Akmene Jewish Cemetery
Akmene (Akmian in Yiddish) is a town in northern Lithuania. Jews first settled in Akmene in the middle of the 18th century. They made their living through peddling in the neighbouring towns and by crafts. A small number supported themselves by agriculture. In the first half of the 19th century, Jews comprised around two-thirds of the population of the town. During World War I, in 1915, the Jews were expelled from Akmene to central Russia, many of them never returned. The emigration of the Jews from the town continued during the period of Lithuanian independence, mainly due to the difficult economic conditions. According to a survey taken by the Lithuanian government in 1931, there were 11 Jewish shop owners and 7 Jewish craftsmen in the town. Many were helped by loans they received from the Jewish folk bank (Folksbank) that had a branch in Akmene.
Despite the constant fall in the number of the Jewish community, the activities of the major organizations and institutions continued, such as the synagogue and the “Yavne” School network. Many of the Jews of Akmene were members of the Zionist camp. Jewish voters in Akmene elected the first Seim in 1922, the Zionist party received 66 votes, while the religious party “Achdut” recieved only 31 and the Democratic party, 1 vote. The active Zionist youth movements in Akmene were Hashomer Hatzair and Betar.
At the end of June 1941, a short time after the German invasion of the Soviet Union, the Jews were transferred to the barracks on the bank of the river Venta, near Mazeikiai. All of them were murdered together with the Jews of Mazeikiai and its surroundings on August 9th 1941. A few years after the war the place where they were murdered was fenced and a black marble monument was set up.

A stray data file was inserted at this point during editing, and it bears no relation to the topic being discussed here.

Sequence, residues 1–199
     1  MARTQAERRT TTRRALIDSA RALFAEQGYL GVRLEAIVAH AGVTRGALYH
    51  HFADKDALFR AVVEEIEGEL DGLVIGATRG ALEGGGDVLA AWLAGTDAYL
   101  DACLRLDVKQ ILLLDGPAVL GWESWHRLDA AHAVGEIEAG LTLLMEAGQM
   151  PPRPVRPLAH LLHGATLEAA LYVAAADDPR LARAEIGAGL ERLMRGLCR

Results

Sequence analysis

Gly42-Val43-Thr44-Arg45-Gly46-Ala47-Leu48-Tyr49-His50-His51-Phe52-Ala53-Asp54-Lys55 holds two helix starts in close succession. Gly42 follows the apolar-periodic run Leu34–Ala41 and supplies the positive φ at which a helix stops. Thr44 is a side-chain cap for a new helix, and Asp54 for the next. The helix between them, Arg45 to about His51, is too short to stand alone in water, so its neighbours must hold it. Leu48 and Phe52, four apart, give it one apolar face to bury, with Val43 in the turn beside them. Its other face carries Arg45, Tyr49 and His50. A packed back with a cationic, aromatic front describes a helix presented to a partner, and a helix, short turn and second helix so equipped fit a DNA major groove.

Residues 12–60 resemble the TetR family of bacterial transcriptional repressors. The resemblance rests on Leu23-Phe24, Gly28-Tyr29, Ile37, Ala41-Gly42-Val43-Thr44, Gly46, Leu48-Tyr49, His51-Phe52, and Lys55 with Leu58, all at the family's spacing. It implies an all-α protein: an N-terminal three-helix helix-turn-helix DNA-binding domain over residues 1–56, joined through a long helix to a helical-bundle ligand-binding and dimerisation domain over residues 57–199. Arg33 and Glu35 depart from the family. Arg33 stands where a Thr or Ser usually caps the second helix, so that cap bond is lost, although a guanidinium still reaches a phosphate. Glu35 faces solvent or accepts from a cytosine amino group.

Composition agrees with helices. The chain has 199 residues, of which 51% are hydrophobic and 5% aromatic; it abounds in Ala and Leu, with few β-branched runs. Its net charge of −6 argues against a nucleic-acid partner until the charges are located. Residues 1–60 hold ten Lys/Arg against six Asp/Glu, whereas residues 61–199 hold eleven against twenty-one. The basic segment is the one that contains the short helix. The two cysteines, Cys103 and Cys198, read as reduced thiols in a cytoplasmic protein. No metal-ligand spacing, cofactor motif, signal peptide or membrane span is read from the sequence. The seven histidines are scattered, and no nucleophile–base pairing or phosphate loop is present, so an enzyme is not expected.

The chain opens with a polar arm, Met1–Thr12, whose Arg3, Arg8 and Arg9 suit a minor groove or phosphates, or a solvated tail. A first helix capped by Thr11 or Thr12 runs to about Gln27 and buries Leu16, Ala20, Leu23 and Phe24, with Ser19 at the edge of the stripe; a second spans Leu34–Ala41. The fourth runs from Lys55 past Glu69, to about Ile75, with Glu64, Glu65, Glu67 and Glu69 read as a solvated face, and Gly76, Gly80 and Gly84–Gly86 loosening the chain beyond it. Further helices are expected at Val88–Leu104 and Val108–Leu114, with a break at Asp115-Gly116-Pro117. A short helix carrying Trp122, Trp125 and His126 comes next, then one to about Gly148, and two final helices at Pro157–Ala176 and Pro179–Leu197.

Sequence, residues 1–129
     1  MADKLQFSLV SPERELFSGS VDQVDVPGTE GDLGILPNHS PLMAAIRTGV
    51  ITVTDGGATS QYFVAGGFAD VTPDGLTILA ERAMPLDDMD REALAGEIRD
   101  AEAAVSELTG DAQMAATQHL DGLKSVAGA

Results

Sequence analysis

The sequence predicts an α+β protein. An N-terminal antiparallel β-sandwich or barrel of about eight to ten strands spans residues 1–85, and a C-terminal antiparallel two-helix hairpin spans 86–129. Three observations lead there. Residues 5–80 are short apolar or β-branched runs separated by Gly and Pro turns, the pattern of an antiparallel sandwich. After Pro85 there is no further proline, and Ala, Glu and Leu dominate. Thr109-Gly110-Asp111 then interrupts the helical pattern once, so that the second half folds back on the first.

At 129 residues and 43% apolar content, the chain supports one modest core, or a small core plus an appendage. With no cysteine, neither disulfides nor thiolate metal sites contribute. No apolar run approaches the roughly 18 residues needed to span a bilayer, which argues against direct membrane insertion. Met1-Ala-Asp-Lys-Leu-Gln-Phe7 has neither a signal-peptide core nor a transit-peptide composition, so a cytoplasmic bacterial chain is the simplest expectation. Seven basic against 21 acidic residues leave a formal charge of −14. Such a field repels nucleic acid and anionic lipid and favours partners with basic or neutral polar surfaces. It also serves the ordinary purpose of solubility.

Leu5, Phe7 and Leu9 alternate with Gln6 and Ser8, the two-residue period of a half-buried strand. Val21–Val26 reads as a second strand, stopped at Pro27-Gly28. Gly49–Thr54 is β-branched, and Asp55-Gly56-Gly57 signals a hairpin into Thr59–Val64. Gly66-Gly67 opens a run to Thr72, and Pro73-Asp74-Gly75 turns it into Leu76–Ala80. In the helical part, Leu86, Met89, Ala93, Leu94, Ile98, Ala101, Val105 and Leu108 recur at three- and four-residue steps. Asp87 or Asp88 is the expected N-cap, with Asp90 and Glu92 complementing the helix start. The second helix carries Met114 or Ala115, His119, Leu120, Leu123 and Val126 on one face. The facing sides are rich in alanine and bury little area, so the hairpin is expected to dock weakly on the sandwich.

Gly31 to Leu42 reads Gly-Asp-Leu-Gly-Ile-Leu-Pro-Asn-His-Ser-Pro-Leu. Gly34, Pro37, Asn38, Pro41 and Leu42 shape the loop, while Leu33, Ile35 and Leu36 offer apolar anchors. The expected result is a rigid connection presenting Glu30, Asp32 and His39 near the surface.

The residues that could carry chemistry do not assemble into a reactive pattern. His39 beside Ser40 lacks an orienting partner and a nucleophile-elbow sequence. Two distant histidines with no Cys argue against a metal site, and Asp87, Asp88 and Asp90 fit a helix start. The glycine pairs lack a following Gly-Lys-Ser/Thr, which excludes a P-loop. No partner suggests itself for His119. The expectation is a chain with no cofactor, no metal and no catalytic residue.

It is likely that the cemetery was opened in the second part of the 18th century, concurrently with the establishment of the Jewish Community in Akmene. The cemetery was in use until World War II. Only half of the former cemetery has survived until today. The area is marked by a hedge and concrete columns. In the northern part of the cemetery, an original stone fence still exists. The Akmene school expedition in 2011 counted 125 tombstones, of which the oldest one was dated back to 1866 and the most recent from 1925. The majority of the gravestones have carved epitaphs in the Hebrew language, however, some tombstones were found with inscriptions in Yiddish. The cemetery was included in the Register of Immovable Cultural Property of the Republic of Lithuania, in 2003. There is a memorial stone, written in Yiddish, Hebrew and Lithuanian: “The old Jewish cemetery. Sacred is the memory of the deceased”.